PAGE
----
- The expected consequences of quitting are irritability, difficulty concentrating, increased appetite, and of course, urges to smoke. So, if you feel more short-tempered or distracted or sleepier than usual, don’t worry because these feelings will pass.
- Try to exercise. For example, go for a walk, ride a bike, if you have access to a pool swim, take a yoga or Pilates class.
- Consider the positive things about quitting. For example, think about how much you like yourself as a non-smoker, the health benefits for you and your family, and the example you set for others around you. A positive attitude will help you through the tough times.
- When you feel tense, try to keep busy and think about ways to ease the tenseness. Tell yourself that smoking won’t make it any better, and go do something else.
- Eat regular meals because feeling hungry is sometimes mistaken for the desire to smoke.
- Start putting the money you save by not buying cigarettes in a “money jar.”
- Let others know that you have quit smoking. You will find that most people will support you. Many of your smoking friends may want to know how you quit. It’s good to talk to others about your quitting. In fact, people who stay off smoking for at least one year often have had very strong support from a companion or co-worker.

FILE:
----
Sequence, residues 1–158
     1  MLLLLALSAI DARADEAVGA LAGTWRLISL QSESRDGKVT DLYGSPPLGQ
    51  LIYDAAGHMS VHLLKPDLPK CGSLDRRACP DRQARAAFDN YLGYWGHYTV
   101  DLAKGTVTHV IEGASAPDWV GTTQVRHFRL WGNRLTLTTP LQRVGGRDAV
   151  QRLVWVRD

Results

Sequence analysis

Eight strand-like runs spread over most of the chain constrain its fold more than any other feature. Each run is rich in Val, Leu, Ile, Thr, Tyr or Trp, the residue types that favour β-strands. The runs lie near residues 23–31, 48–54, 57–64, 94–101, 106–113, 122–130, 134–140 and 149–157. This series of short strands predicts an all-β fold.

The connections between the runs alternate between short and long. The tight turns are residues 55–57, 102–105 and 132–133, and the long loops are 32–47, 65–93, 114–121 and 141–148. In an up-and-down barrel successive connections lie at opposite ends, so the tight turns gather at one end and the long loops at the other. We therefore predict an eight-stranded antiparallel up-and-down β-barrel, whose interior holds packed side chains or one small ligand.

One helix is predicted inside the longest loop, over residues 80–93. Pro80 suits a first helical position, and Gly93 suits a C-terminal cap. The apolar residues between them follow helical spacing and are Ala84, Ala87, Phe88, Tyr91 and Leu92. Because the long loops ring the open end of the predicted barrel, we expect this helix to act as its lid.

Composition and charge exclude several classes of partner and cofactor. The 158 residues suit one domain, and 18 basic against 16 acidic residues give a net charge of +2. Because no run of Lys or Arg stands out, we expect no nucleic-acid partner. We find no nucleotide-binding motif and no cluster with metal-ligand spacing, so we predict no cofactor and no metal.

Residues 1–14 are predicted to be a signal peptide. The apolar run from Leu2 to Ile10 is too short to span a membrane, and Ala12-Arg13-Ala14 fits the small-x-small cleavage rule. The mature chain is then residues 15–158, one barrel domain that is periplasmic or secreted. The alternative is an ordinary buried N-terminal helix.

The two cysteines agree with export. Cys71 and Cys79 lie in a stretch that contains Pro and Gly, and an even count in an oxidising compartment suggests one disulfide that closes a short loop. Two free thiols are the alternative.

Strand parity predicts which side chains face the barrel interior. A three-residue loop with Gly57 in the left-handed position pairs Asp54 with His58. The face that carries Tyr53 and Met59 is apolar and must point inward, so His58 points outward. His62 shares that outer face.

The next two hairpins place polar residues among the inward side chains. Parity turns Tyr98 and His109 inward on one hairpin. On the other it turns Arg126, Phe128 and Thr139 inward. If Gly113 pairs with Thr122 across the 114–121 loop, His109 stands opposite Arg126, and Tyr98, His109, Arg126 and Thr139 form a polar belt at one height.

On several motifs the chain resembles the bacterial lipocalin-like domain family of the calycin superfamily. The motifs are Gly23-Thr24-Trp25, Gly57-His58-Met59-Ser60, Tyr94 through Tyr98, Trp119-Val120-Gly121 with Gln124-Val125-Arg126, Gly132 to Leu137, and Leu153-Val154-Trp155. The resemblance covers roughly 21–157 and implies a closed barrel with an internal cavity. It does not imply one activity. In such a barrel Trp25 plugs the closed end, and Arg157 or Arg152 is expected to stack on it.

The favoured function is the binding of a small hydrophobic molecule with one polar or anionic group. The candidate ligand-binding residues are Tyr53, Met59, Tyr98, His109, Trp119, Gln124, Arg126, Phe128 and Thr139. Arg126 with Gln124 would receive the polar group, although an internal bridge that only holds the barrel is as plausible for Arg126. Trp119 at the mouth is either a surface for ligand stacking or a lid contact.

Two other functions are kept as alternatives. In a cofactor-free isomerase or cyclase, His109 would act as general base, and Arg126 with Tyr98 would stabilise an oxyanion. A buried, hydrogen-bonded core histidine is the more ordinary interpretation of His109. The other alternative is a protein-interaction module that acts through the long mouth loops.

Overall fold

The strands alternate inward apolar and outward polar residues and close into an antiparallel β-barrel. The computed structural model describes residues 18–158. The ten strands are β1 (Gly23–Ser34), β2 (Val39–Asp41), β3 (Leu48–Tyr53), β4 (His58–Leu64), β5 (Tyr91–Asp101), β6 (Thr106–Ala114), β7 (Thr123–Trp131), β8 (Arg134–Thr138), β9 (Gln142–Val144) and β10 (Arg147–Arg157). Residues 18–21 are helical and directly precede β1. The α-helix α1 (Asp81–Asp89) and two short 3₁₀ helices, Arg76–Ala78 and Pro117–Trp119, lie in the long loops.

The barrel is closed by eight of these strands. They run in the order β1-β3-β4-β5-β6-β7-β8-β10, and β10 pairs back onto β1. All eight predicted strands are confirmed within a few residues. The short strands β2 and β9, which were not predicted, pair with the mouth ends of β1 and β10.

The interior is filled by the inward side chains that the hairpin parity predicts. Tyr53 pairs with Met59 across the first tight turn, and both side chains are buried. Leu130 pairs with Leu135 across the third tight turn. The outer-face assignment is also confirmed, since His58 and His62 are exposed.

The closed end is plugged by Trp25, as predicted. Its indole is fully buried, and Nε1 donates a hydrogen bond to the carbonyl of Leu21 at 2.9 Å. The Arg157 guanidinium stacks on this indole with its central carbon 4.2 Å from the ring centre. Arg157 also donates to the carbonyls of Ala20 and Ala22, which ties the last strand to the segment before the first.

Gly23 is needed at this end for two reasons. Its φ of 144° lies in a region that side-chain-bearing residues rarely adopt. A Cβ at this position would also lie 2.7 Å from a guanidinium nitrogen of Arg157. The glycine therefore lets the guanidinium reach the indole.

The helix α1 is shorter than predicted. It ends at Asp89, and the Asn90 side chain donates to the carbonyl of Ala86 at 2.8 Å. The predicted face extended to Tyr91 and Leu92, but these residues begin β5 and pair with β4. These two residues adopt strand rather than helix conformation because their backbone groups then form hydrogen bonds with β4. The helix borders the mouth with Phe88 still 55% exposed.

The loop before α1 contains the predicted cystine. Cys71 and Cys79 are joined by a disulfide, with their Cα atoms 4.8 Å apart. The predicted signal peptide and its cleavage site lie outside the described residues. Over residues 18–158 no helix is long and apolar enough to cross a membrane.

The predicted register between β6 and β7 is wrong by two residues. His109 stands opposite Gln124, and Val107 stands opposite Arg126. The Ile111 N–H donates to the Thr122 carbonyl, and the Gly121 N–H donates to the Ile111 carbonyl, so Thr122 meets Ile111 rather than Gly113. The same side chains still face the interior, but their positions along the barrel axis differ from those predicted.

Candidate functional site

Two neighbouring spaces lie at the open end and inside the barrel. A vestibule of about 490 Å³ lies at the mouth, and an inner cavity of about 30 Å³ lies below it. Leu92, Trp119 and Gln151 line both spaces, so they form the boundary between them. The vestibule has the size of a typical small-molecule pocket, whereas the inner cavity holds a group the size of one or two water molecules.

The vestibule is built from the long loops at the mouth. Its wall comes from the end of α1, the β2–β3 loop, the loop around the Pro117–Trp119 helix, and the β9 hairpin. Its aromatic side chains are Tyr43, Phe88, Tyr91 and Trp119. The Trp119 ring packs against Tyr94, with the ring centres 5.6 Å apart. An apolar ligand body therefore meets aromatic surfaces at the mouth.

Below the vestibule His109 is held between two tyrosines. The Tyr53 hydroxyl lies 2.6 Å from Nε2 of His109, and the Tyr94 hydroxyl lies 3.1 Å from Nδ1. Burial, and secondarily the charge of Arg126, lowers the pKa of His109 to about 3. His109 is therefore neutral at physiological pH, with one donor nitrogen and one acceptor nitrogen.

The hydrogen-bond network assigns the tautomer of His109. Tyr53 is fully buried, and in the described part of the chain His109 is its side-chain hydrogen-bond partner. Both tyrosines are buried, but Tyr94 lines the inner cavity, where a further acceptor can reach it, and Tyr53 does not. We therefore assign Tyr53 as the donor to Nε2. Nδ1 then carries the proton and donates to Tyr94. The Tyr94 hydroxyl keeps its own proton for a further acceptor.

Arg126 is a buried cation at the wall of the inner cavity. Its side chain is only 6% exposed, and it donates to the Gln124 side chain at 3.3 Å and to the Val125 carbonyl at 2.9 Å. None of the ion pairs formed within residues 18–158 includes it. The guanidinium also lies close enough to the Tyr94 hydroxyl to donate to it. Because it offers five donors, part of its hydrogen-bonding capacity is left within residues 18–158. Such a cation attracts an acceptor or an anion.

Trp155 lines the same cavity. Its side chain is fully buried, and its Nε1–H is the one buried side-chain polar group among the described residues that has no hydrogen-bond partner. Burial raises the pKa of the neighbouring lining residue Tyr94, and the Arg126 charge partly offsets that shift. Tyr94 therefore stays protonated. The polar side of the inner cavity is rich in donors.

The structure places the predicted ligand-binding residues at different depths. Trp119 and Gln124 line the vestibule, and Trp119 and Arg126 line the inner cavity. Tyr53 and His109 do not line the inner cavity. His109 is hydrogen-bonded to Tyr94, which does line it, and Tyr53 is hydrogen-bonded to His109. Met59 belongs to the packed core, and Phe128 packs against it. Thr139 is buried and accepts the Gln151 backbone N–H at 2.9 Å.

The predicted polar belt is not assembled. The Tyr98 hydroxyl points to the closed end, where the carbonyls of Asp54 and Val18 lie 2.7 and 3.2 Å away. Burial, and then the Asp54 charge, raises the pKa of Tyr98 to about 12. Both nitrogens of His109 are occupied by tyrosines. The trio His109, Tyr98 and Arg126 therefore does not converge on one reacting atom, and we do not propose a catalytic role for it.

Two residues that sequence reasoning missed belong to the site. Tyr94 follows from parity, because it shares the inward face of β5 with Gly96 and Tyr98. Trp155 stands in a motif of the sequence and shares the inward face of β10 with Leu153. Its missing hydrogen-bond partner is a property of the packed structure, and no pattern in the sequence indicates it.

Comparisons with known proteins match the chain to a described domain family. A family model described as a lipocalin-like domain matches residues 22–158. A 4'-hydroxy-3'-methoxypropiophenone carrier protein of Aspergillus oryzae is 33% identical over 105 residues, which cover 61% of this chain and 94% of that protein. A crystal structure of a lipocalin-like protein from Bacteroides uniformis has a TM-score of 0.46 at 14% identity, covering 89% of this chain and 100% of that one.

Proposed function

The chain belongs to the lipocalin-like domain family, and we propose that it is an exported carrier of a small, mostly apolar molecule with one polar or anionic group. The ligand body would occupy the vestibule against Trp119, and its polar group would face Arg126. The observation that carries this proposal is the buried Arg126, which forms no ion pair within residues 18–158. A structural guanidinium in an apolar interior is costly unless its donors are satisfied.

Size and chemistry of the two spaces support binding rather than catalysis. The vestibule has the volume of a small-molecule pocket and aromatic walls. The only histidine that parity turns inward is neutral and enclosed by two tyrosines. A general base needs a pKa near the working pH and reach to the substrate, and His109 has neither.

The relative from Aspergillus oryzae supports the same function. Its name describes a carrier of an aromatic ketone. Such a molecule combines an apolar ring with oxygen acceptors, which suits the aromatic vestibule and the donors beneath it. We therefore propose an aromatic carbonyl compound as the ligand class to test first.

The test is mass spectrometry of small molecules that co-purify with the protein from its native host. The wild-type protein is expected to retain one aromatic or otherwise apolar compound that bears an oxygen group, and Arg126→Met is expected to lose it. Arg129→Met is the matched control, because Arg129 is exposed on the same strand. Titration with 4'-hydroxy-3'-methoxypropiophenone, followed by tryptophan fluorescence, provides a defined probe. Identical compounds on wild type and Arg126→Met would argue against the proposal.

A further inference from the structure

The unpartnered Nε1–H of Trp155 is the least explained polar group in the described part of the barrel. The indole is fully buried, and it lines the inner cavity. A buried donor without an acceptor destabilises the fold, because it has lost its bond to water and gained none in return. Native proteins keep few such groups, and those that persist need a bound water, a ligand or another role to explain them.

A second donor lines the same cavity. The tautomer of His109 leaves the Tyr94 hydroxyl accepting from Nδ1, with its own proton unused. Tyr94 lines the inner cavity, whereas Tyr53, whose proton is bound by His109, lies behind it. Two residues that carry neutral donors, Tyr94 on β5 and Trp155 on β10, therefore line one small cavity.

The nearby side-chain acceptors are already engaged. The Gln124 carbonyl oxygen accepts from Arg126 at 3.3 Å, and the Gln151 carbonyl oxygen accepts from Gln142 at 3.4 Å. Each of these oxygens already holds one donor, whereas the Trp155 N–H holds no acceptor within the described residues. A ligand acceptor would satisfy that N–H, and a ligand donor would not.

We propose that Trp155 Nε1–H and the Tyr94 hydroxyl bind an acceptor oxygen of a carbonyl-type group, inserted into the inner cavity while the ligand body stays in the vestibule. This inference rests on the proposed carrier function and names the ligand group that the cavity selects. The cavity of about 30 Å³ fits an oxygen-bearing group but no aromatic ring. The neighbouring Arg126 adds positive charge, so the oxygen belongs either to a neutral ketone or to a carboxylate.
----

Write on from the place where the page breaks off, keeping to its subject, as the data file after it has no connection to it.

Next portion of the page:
- If you slip-up and smoke, don’t be discouraged or give up and return to your smoking habit. Many former smokers have tried to quit several times before they finally succeed.
What methods can help a person quit smoking?
Several methods are available to assist those who decide to quit smoking. The main categories of methods are:
- Behavior modification and self help-literature to quit smoking
- Self-help literature
- Nicotine replacement therapy
- Prescription smoking cessation aids
Each method actually offers several different options. Moreover, combinations of the methods usually are necessary, and no one combination will work for everyone. In fact, it may be necessary to try several different methods or combinations of methods before success is achieved.
Behavioral modification and self-help literature to quit smoking
Due to the addictive nature of nicotine, some form of behavioral modification is often necessary for successful cessation of smoking. Educational programs, hypnosis, and aversion therapy (learning how to avoid cigarettes) are a few options. Smokers may be counseled to avoid specific triggers or situations that lead to smoking. For example, instead of awakening and grabbing a cigarette at the bedside or smoking immediately after a meal, people may be encouraged to replace the urge to smoke with another activity, such as, taking a walk or reading a book.
Numerous medical associations and societies, for example, the American Cancer Society, American Heart Association, and the American Lung Association, have developed brochures to help smokers quit smoking.
Nicotine replacement therapy to quit smoking
Nicotine replacement therapy (NRT) became available over the counter in the 1990’s. The purpose of nicotine replacement therapy is to substitute another source of nicotine while cigarettes are discontinued. By this means, the habit of smoking is eliminated, even though the addiction to nicotine remains intact. But at the same time, nicotine replacement therapy eliminates the symptoms of withdrawal that can trigger more smoking. In addition, behavioral counseling to change smoking-related behavior usually is necessary. Once cigarettes have been replaced during nicotine replacement therapy, the amount of nicotine is then gradually reduced.